Q: What’s up with those signs in Uptown where streets cross the Lakefront Trail? Are drivers supposed to stop for bicyclists or are bicyclists supposed to yield to drivers?

A: This unusual signage is at Montrose, Lawrence and Foster Avenues, where the path not only intersects these east-west streets but also meets on- and off-ramps from Lake Shore Drive (LSD). Street traffic gets stop signs while cyclists and skaters on the trail get yield signs. Continue reading Strange signage on the Lakefront Trail

When you build for youngest, you build for everyone


A young boy on his bike waits for the red light to change on Logan Boulevard in Logan Square.

I’ve been participating in a design collaboration this summer called Moving Design: Call To Action. This year’s “Call To Action” is about bicycle safety in Chicago, focusing on Logan Square. The group comprises over 40 designers, and two urban planners, including myself.

My role has been to provide “policy insights” – read and see them on the Moving Design blog. Since I’ve been in Utah for last Wednesday’s and tonight’s meetings, I created videos. Think of them as a satellite feed of an actor giving their Oscar acceptance speech from the set of the movie they’re filming.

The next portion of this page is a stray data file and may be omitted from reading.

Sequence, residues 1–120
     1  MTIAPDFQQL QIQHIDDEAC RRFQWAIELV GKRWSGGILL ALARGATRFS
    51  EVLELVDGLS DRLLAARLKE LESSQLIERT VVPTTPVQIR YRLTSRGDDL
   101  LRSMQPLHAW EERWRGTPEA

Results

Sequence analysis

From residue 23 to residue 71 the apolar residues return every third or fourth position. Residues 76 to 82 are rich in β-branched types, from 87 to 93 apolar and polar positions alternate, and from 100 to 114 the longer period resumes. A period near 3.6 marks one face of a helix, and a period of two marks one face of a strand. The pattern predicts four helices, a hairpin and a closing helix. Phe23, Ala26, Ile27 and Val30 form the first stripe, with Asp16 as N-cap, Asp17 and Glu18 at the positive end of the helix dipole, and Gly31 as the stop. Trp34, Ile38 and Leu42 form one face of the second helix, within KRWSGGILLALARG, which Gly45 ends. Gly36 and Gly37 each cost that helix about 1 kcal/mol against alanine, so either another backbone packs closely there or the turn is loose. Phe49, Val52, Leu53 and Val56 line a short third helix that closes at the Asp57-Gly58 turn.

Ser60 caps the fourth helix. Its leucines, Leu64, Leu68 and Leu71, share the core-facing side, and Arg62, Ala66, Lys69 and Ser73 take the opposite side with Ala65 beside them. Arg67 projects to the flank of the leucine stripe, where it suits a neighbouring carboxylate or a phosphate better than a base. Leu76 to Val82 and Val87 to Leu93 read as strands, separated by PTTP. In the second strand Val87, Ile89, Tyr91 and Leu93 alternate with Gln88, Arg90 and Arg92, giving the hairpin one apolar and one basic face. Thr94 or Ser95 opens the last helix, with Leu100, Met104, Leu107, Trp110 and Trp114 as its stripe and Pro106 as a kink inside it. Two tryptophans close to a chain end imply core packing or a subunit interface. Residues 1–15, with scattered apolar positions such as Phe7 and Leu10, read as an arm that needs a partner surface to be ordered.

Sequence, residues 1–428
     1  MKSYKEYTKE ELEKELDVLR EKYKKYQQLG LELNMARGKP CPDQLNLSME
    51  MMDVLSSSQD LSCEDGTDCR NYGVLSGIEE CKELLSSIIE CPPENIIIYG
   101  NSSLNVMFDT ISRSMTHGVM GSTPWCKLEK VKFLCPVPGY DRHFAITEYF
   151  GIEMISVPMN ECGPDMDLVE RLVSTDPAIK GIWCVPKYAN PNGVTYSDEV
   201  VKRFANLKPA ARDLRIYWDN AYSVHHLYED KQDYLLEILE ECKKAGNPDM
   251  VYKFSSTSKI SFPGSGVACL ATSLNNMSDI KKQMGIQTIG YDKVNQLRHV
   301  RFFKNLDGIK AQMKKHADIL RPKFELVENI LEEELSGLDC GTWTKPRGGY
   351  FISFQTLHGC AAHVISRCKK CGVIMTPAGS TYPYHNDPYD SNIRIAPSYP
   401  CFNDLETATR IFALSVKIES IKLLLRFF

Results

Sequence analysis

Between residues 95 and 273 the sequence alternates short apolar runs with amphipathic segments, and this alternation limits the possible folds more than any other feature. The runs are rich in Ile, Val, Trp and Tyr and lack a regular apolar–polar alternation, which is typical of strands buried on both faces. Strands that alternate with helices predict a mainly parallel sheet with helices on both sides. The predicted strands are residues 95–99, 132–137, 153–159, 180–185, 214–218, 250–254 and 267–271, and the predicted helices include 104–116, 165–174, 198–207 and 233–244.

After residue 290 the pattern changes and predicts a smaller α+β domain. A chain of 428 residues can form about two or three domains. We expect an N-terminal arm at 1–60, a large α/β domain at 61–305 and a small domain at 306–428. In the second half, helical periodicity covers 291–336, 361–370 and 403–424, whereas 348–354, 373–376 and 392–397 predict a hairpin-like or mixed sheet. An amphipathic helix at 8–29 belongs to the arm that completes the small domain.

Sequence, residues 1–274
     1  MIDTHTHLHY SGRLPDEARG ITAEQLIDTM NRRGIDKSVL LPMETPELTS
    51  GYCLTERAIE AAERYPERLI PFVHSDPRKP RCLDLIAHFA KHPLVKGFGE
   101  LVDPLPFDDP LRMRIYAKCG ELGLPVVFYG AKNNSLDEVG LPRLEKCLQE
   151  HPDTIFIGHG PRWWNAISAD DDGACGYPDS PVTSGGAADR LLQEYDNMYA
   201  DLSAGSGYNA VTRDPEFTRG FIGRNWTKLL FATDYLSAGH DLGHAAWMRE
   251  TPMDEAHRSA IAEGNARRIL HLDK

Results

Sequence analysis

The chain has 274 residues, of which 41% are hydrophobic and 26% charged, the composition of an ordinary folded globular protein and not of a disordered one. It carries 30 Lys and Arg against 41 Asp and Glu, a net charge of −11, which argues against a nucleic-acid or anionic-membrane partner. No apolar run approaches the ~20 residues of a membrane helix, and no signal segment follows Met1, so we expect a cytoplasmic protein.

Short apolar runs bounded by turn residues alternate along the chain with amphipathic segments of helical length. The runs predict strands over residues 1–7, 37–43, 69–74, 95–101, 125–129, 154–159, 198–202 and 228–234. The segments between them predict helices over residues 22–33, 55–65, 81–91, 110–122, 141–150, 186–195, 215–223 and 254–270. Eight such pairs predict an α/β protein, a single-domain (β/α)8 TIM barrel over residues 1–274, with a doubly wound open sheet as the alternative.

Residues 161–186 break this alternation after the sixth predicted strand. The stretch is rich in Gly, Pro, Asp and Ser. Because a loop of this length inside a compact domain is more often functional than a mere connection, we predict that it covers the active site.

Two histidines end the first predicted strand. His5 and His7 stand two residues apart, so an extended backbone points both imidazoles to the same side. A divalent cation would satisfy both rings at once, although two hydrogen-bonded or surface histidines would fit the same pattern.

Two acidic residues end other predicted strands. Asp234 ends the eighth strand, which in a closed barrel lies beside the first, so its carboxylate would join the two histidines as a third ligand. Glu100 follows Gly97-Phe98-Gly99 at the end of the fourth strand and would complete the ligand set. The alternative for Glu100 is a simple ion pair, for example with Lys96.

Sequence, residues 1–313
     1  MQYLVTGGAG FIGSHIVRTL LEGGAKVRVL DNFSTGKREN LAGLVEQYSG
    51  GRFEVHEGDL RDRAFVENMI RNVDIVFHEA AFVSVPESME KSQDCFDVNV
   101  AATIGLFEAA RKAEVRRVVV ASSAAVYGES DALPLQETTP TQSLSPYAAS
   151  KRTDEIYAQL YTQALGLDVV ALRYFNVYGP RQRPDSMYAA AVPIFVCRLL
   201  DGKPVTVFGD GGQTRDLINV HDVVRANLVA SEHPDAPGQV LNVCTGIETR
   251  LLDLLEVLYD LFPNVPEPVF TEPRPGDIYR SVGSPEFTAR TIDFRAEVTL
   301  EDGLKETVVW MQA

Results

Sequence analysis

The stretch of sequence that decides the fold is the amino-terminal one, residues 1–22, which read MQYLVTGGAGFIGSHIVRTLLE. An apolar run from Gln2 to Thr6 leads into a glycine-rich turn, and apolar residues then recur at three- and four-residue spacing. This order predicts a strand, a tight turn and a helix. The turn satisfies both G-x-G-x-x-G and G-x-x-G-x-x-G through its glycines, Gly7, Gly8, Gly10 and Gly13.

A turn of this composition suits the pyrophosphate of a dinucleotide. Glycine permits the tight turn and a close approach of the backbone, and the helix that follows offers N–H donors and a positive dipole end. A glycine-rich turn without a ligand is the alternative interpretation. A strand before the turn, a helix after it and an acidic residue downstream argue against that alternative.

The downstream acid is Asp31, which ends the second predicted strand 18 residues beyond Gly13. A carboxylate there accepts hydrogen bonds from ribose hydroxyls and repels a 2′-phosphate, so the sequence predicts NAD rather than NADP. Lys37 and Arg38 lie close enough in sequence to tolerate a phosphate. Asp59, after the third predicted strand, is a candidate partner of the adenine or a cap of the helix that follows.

This video policy insight is about 8 to 80. I connect the concept of “designing biking facilities for all” to ways cyclists have been divided and then bring it around to a discussion last week between Adolfo Hernandez of Active Transportation Alliance and Rob Forbes, CEO of Public Bikes.

Watch the video after the jump. 

Continue reading When you build for youngest, you build for everyone

Judging traffic congestion on Kinzie Street


I created this video in response to comments I was reading on various blogs, newspaper websites, and EveryBlock, where people (claiming to be commuters who drive on or near Kinzie Street, or live near Kinzie Street) alleged that the protected bike lane was causing an increase in congestion or traffic backups. Read why these arguments are illogical and why considering it is obsolete.  Continue reading Judging traffic congestion on Kinzie Street